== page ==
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Article
Publication date: 14 December 2020

Anthony Wake, Jill Davies, Celia Drake, Michael Rowbotham, Nicola Smith and Rowena Rossiter

This collaborative paper (working together) describes collaborative practice development and research by and with people from the learning disabilities community. This…

Abstract

Purpose

This collaborative paper (working together) describes collaborative practice development and research by and with people from the learning disabilities community. This paper aims to show some of the activities which supported the collaborative practice development and research to show and encourage others to do more collaboration. The paper format is based on a previous collaborative paper published in the Tizard Learning Disability Review (Chapman et al., 2013).

Design/methodology/approach

The collaborative practice development and feasibility study [1] focuses on an intervention called Keep Safe. This is an intervention for young people with learning disabilities who are 12 years and older and have shown “out-of-control” or harmful sexual behaviour.

Findings

The paper gives examples of activities of the Keep Safe Advisory Group in planning, doing and thinking about Keep Safe development and feasibility. The authors list some good things and some difficulties in collaborating. They look at which parts of Frankena et al.’s (2019a) Consensus Statement on how to do inclusive research were done, which ones were not, and why.

Social implications

The paper ends with some thoughts about collaborating with people from the learning disabilities community: for people with learning disabilities, practitioners and researchers.

Originality/value

The paper is original in its illustration of collaborative practice development and research and measuring the activities against the inclusive research consensus statement.

Details

Tizard Learning Disability Review, vol. 25 no. 4
Type: Research Article
ISSN: 1359-5474

Keywords

Article
Publication date: 12 March 2018

Aida Malovic, Rowena Rossiter and Glynis Murphy

The purpose of this paper is to focus on the development of Keep Safe, a manualised group intervention for adolescents with intellectual disabilities (ID) who display…

Abstract

Purpose

The purpose of this paper is to focus on the development of Keep Safe, a manualised group intervention for adolescents with intellectual disabilities (ID) who display harmful sexual behaviour (HSB) as the initial phase of a feasibility study. National reports have highlighted the need for the development of specialist programmes, as adolescents with ID make up a significant proportion of young people referred to specialist HSB services and there is a lack of evidence or practice-based interventions for them. Aims included taking account of adolescents’ and families’ needs, motivations and practical commitments, integrating best- practice and being accessible and appropriate across different types of services.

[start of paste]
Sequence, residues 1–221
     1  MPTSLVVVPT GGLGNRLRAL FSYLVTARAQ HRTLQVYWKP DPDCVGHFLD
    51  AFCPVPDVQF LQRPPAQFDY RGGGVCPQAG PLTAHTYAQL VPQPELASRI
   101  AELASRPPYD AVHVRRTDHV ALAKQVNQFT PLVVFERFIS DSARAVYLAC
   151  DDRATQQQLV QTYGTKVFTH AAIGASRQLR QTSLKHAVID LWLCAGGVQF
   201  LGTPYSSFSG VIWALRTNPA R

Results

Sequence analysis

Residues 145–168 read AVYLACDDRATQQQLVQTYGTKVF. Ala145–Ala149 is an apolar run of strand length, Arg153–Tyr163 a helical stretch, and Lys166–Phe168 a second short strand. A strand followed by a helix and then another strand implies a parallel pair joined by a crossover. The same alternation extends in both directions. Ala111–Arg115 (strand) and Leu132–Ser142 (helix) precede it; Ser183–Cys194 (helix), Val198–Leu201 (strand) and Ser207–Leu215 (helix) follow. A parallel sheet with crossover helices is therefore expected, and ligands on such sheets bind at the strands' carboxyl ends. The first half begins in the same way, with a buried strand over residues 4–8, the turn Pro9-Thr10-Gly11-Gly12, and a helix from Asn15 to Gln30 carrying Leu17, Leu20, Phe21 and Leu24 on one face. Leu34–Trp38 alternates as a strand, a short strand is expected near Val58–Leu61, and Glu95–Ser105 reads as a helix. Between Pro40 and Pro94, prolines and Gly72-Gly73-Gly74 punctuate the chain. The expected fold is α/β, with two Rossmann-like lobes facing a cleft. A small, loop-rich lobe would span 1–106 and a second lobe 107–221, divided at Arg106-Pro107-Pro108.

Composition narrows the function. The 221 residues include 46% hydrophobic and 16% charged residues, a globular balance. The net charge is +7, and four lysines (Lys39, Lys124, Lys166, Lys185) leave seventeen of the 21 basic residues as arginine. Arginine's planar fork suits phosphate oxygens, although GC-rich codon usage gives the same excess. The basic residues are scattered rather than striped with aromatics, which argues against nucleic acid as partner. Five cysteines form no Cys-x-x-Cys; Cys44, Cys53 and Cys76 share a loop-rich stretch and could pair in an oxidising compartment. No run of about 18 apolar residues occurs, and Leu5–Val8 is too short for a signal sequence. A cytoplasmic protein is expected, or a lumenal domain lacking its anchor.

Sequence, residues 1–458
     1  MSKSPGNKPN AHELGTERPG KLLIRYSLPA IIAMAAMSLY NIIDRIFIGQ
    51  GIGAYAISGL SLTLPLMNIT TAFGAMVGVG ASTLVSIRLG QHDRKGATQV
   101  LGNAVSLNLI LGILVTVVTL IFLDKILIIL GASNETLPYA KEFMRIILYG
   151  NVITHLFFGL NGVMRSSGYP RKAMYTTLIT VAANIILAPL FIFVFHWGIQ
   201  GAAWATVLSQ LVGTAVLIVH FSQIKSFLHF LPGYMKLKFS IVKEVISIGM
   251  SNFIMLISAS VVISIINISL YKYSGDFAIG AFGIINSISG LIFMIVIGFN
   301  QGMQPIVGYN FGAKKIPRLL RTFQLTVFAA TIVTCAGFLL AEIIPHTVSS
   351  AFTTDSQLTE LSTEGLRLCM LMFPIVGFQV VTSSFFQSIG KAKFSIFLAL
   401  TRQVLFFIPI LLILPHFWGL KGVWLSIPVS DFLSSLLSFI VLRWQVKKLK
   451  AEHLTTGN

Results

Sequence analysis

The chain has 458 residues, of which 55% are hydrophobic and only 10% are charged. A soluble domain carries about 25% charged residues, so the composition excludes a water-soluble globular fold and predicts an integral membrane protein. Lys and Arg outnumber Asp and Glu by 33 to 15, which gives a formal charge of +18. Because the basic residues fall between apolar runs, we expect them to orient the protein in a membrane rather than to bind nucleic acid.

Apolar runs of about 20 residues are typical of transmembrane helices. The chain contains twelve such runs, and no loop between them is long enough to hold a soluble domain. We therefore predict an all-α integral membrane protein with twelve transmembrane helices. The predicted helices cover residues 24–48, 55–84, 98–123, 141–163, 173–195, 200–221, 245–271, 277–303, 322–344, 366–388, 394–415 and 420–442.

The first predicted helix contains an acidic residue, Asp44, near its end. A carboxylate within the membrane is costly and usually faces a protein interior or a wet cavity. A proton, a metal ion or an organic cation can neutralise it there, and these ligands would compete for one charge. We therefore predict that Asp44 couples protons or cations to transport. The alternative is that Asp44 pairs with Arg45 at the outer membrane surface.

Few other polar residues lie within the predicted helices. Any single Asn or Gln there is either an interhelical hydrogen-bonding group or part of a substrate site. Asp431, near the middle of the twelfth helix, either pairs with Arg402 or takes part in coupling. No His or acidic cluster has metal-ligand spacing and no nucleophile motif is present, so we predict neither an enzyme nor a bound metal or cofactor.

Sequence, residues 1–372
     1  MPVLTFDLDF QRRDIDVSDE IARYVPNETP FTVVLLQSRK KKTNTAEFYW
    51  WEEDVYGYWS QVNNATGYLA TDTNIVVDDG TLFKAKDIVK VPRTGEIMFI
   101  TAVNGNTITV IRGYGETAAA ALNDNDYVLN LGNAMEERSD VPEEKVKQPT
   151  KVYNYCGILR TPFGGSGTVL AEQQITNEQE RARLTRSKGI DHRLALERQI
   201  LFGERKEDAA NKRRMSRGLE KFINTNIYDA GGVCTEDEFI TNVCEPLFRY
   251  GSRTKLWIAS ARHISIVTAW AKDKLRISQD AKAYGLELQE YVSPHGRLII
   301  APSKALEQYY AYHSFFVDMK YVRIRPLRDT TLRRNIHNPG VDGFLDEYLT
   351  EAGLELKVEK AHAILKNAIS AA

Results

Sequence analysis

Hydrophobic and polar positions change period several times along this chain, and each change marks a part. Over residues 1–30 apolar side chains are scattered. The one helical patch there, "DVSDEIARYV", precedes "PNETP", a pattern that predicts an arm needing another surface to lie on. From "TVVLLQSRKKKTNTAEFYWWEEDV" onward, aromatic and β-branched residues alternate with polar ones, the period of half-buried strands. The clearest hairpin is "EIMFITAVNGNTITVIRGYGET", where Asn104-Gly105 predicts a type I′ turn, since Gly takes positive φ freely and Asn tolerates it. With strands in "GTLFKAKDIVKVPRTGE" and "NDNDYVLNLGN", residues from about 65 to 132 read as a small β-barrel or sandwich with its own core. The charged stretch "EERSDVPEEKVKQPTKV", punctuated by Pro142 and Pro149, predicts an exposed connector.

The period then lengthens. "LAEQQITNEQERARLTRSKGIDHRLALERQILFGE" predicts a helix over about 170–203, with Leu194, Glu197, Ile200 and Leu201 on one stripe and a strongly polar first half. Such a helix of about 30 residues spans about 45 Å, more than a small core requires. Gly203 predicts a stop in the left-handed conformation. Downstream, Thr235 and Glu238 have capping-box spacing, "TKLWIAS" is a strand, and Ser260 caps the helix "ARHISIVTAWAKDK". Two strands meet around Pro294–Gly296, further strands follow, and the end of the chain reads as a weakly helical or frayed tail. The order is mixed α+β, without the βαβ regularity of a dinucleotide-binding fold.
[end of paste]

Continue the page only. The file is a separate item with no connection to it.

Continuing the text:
Design/methodology/approach

Keep Safe development progressed from the practitioner/researcher collaborative young sex offender treatment services collaborative-ID through a project team, Keep Safe development group, comprising a range of practitioners with a variety of clinical expertise across services and an Advisory Group of people with ID. An expert-consensus methodology based on the Delphi method was used. The iterative process for the manual draws on the slim practice-based evidence from UK, New Zealand, North America and Australia.

Findings

Keep Safe comprises six modules distributed through 36 term-time young people’s sessions, alongside 16 concurrent parental/ carer sessions (some joint). The main focus of Keep Safe is to enhance well-being and reduce harm. Four initial sites volunteered as feasibility leads, and two more were added as recruitment was more difficult than foreseen.

Originality/value

National reports have highlighted the need for the development of specialist programmes, as adolescents with ID make up a significant proportion of young people referred to specialist HSB services and there is a lack of evidence or practice-based interventions for them. This study is innovative and valuable given the recognition that research and practice is significantly lacking in this area.

Details

Journal of Intellectual Disabilities and Offending Behaviour, vol. 9 no. 1
Type: Research Article
ISSN: 2050-8824

Keywords

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